Moiya 14:09

Yes, absolutely. These M dwarf systems have smaller or closer in habitable zones, then brighter and hotter stars like our sun.

Wendy 14:18

That's good to know. Okay.

Moiya 14:20

And you figured it out. That's the best part of this. So I really want to focus first on these flares. A lot of people who say M dwarf planets aren't habitable say that because of the magnetic activity of these stars. So, first, what do these flares do? How can they actually affect the planet?

Will 14:41

Yeah, so the sun has sunspots and the solar activity cycle, and there are occasionally solar flares, you know, it's been 115 years since the last solar flare powerful enough to disrupt our energy grid, but it does happen, you know, stars do stuff. M dwarf stars, like you said, are magnetically active, they are much more active, especially when they're young, and so M dwarfs, don't maintain that same level of activity their whole life. But there is a significant period of time when most types of M dwarfs woud be so active that they likely will have stripped the atmospheres of terrestrial planets around them. So stars can do two things with these flares. They're emitting high energy radiation, and they're emitting particles and ions, what we call "plasma" into interplanetary space. And if all the solar activity interacts with the planet's atmosphere, it has a tendency to excite and destroy molecules in that atmosphere so that those molecules and atoms escape to space. In particular, water, [which] in any kind of volatile state, if you have a water ocean, you might have vapor in your atmosphere, ultraviolet photons interact with that water, they break it up into OH and H and the hydrogen escapes.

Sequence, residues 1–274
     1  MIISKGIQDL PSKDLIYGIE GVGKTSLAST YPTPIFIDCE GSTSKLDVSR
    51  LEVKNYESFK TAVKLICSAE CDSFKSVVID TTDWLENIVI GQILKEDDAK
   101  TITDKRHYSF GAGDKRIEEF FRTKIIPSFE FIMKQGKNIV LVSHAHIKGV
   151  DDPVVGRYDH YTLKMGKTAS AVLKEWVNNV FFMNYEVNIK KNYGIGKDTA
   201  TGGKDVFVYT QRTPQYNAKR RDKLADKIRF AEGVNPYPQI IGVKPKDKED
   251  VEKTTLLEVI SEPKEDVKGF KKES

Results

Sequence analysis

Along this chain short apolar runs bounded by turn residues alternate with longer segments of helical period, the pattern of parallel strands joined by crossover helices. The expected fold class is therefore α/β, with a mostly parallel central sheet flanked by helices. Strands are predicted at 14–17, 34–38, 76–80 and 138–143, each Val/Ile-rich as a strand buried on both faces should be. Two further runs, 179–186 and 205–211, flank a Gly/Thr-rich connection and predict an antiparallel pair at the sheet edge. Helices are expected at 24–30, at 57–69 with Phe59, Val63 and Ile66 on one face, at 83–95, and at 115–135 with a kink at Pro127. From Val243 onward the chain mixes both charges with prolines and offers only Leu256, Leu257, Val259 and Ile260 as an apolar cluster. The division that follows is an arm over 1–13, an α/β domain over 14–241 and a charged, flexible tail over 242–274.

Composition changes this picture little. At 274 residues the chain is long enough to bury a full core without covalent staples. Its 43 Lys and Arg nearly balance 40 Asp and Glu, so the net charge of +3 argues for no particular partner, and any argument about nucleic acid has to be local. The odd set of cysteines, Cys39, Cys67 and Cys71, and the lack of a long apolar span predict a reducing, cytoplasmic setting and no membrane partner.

Moiya 15:55

That's so rude. I like my hydrogen. I like my hydrogen here on my planet.

Will 15:59

It turns out that all life we know of needs water.

Moiya 16:03

That's kind of important. Yeah.

Will 16:04

Just as an aside, if you have a larger mass planets outside of the context of habitability, you know, Jupiter is not a habitable planet.

Moiya 16:11

At least not for humans.

Will 16:13